We take for granted how the world of navigation has changed in the last twenty years. Growing up, we would unfold enormous and unwieldy maps and attempt to plot the best way to travel around new cities. Then, with the arrival of new technology, travelers then turned to MapQuest and printed their specific directions. In fact, in the early 2000’s, I myself used eleven printed pages of MapQuest instructions to navigate across this great country of ours. However, somewhere along the way, the printed pages also sank into the depths of history. We now use apps on our smart phones to provide turn by turn directions; they update themselves in real time and provide a plethora of related information, like Google Street View. In 2013, Google Street View cars had covered more than 3,000 cities and 6 million miles since the project began in 2007, reported CNN. However, that level of technology and accessibility apparently comes with a price.
Recently, the U.S. Supreme Court refused to hear Google’s challenge to a lawsuit which alleged that the Internet behemoth’s Street View Cars spied on individuals by collecting personal information from private Wi-Fi networks. The information accessed included emails, passwords, web histories, and text messages. Google does not deny that such invasions into privacy occurred. In fact, in 2010, Sergey Brin admitted that “[Google] screwed up” and that he “would not make any excuses about it.” Google has since blamed a rogue engineer and announced that the information was stolen “mistakenly.” In 2011, Google paid $7 million dollars and agreed to destroy the data to settle a case brought by 38 states for violating federal wiretapping laws. The settlement did not include private actions. Recently a federal appeals court upheld a ruling that Google had indeed violated the U.S. Wiretap Act. Apparently, Google then sought refuge in the U.S. Supreme Court, arguing that Wi-Fi networks fell within the radio signal exception to the Wiretap Act. On June 30, 2014, without explanation, the Supreme Court declined to hear the appeal.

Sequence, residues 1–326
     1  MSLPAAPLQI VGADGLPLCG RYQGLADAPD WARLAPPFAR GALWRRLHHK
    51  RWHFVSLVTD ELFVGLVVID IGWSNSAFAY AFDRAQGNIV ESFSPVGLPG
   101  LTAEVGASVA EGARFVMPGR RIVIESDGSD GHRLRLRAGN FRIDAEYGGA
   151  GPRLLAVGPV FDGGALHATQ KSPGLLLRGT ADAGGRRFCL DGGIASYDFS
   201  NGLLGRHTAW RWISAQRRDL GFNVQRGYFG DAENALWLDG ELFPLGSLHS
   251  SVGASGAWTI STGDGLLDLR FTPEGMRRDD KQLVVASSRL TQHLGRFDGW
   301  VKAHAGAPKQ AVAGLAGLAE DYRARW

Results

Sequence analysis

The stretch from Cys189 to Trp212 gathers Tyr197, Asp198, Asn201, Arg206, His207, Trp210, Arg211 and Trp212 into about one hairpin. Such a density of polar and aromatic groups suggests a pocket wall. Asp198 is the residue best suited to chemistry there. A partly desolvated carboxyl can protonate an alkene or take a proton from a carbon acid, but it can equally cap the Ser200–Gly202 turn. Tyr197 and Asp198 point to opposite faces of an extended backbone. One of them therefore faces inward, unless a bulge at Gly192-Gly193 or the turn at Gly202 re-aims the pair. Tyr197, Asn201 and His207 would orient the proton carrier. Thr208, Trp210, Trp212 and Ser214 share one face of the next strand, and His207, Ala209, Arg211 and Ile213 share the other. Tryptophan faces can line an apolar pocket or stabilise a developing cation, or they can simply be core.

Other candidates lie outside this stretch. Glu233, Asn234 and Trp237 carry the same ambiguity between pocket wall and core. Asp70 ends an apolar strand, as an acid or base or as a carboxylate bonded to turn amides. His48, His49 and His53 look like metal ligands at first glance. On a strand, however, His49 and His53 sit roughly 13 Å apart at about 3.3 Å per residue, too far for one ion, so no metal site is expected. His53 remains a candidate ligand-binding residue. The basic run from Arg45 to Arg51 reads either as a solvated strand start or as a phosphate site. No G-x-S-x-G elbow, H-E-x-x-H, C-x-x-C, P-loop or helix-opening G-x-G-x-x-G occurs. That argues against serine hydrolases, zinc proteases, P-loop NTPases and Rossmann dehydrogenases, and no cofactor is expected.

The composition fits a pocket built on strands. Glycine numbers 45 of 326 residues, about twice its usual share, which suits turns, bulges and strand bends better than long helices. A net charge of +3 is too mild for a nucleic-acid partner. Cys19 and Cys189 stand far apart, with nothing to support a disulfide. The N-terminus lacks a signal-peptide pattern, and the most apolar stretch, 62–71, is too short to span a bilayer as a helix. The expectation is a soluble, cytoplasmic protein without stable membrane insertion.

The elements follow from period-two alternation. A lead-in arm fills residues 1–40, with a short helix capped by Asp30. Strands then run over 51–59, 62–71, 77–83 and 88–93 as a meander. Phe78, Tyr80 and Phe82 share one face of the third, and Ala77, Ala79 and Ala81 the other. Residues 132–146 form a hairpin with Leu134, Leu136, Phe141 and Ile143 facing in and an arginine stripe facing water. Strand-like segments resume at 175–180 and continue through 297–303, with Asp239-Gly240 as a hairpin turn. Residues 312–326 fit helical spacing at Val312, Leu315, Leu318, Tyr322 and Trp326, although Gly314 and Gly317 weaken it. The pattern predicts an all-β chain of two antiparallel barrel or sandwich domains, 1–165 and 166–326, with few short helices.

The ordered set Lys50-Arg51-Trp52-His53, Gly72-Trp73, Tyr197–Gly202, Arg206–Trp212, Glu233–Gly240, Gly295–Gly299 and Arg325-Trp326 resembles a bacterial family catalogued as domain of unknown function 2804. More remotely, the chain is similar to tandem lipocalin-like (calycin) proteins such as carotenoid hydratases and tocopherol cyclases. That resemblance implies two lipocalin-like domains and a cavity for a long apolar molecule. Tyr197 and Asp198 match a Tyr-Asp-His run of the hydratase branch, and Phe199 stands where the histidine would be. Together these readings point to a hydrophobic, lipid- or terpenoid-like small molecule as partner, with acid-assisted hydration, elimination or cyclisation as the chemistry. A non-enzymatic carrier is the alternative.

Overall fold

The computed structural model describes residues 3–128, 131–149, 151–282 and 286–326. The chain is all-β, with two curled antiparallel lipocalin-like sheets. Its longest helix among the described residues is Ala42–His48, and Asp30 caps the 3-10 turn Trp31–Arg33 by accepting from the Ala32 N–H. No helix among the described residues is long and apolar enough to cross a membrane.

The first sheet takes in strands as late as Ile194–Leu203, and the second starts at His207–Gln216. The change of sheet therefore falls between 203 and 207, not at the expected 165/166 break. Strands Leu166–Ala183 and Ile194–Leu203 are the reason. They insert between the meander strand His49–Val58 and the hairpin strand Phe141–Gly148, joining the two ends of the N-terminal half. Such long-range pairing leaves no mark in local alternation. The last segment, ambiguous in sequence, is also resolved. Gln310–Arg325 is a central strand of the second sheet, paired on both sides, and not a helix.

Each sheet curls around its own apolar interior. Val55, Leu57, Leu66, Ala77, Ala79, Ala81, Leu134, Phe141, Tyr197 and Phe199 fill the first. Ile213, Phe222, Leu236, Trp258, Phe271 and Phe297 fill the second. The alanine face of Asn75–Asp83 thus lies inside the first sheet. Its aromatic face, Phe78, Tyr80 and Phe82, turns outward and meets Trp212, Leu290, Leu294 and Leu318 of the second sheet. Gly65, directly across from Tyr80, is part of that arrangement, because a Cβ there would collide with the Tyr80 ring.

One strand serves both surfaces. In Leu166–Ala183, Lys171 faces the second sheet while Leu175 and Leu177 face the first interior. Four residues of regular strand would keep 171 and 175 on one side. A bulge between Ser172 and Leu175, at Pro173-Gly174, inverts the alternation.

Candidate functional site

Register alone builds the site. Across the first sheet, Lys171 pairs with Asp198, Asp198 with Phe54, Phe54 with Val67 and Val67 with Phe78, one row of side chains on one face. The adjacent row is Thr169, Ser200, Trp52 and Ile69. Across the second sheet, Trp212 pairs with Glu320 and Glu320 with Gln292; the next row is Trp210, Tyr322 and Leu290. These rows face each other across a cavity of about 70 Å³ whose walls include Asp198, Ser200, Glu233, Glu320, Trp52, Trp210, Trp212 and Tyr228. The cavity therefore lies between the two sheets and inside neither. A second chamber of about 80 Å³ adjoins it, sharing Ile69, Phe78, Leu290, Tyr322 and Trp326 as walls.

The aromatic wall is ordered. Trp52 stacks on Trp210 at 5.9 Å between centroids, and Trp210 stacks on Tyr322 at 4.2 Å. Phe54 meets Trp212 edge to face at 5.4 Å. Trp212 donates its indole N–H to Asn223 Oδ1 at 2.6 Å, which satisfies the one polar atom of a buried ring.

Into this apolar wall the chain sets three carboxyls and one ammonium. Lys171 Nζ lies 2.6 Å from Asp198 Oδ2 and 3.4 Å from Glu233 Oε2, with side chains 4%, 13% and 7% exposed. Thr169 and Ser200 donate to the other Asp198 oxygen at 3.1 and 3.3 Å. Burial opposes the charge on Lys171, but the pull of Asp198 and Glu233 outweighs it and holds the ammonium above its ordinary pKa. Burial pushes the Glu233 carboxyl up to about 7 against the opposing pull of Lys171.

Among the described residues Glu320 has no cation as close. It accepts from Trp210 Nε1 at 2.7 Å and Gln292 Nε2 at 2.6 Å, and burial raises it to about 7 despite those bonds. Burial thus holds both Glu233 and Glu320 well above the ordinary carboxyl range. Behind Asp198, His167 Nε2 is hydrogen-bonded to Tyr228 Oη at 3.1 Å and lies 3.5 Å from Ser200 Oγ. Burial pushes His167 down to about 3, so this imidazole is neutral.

It remains to be seen whether Plaintiffs’ class action suit will be granted certification or whether Google can ultimately prevail on its theory that Wi-Fi networks are radio communications, which are not encompassed under the U.S. Wiretap Act. However, it does appear that Google may get an opportunity to view the inside of a couple more courtrooms.